disorders. Ultraviolet treatment is usually
necessary for removal of these contaminants,
or look for NSF standard 55 filters. Class A
inactivates or removes micro-forms from
contaminated water (not raw sewage) and
Class B disinfection systems remove naturally
occurring organisms found in public waters
that are deemed non-pathogenic.

Barium: This is a found in natural deposits,
epoxy sealants, pigments and spent coal. Its
maximum contaminant level is 2 mg/L. It can
potentially affect the circulatory system.
Cation exchange softeners, reverse osmosis
and distillation will remove barium. Look
for standards 44, 58 and 62.

Cadmium: This is found in galvanized pipe
corrosion, natural deposits, batteries and
paints. It primarily effects the kidneys.
Its maximum contaminant level is 0.005 mg/L.
Reverse osmosis, distillation remove it.
Standards 58 and 62

Carbufuran: This is a soil fumigant used on
corn and cotton. It effects the nervous
reproductive systems. Its maximum contaminant
level is 0.04 mg/L. Carbon/charcoal standard
53 remove this. It is part of the VOC category.

Chloramine: The effects of this contaminant are
unknown. It is used as a disinfectant. The
maximum recommended usage level is 4 mg/L.
Carbon/charcoal filters, standard 42 remove
this contaminant. Systems certified for
reduction of chlorine will not necessarily
be effective against chloramines.

Chlordane: This is used for treating termites.
Maximum contaminant level is 0.002. It can
cause cancerous conditions. Carbon/charcoal
filters, Standard 53 will remove this contaminant.

Chlorides: Cause water to taste salty.
Maximum contaminant level is 250 mg/L.
These come from natural deposits. Reverse
osmosis and distillation may remove these.

Chlorine: This is used for disinfection of
drinking water. The chlorination by-products
(trihalomethanes) have potential health effects.
Carbon/charcoal standard 42 filters will remove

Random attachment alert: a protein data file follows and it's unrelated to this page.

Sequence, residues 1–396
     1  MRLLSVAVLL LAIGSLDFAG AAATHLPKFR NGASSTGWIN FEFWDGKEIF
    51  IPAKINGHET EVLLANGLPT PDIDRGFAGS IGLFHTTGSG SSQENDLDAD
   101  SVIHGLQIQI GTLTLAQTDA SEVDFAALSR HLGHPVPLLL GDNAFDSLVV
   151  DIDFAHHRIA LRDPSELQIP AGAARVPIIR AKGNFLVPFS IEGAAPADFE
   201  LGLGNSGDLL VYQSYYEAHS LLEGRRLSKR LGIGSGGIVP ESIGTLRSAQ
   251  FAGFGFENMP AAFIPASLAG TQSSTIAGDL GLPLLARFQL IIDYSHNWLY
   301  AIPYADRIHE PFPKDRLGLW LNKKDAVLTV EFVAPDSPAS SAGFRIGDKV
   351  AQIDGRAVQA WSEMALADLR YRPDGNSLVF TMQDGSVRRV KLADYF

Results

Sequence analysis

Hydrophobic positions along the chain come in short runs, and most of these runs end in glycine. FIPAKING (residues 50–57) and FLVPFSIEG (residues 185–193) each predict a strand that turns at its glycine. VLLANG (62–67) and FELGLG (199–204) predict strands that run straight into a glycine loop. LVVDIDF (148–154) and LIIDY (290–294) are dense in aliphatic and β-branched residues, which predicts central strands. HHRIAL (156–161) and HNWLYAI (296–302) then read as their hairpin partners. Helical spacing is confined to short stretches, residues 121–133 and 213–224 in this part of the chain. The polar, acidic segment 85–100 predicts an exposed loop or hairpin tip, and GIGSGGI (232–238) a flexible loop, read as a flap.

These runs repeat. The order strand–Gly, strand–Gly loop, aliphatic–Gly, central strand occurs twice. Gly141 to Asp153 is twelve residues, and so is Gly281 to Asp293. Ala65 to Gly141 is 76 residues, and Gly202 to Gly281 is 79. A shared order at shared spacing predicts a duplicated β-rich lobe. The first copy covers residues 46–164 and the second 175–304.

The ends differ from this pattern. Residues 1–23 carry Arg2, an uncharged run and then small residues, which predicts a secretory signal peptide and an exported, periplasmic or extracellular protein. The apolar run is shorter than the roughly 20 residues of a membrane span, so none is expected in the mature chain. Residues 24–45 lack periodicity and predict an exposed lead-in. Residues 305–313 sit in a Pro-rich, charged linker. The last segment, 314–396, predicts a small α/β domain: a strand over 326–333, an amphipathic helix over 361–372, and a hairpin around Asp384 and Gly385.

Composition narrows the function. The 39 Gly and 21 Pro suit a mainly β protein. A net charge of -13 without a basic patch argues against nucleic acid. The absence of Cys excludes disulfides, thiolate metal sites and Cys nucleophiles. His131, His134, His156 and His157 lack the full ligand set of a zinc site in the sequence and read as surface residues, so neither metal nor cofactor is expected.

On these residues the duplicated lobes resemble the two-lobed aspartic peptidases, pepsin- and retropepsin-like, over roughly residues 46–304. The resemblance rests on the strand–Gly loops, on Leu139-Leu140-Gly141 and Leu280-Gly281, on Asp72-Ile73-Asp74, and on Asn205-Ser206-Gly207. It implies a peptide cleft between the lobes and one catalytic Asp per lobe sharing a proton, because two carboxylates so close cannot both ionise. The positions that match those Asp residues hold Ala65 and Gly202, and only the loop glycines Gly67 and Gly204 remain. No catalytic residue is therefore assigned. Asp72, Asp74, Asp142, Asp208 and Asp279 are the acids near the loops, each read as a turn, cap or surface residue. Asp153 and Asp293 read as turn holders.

chlorine. Contact your local water utility to
determine if chlorine or chloramines are used
to disinfect your water.

Chlorination by-Products (trihalomethanes):
These are by-products of chlorination in
drinking water and they are carcinogenic.
The maximum contaminant level is 0.08 mg/L.
Carbon/charcoal standard 53 filters are
effective at reducing these contaminants.

Chromium: This is a by-product of mining,
electroplating, pigments and from natural
deposits. It can be present in water in
forms: hexavalent (chromium 6) and trivalent
(chromium 3). It can cause liver, kidney and
circulatory disorders. Reverse osmosis and
distillation Standards 53,58 and 62 remove

Copper: From natural and industrial deposits,
wood preservatives, and plumbing. It may leach
from residential plumbing. The maximum
contaminant level is 1.3 mg/L. It can cause
gastrointestinal irritation. Charcoal/carbon,
reverse osmosis, and distillation, Standards
42, 58 and 62 remove this contaminant.

Crytosporidium: This is a parasite that is
found in food or water contaminated with
human or animal waste. It can cause
gastrointestinal illness. Although public
water should not have any cryptosporidium
in it, it is not uncommon to see people
in the Portland area test positive on stool
test for it. Standard 53, 58 and 55 water
filters should remove it. Look for a filter
capable of removing spores < 1 micron.

-dichlorobenzene: part of the VOC category.
From paints, engine cleaning compounds, dyes,
chemical wastes. Causes liver, kidney and
blood cell damage. Carbon block standard
53 removes.

Hepatochlor Epoxide: A degradation product of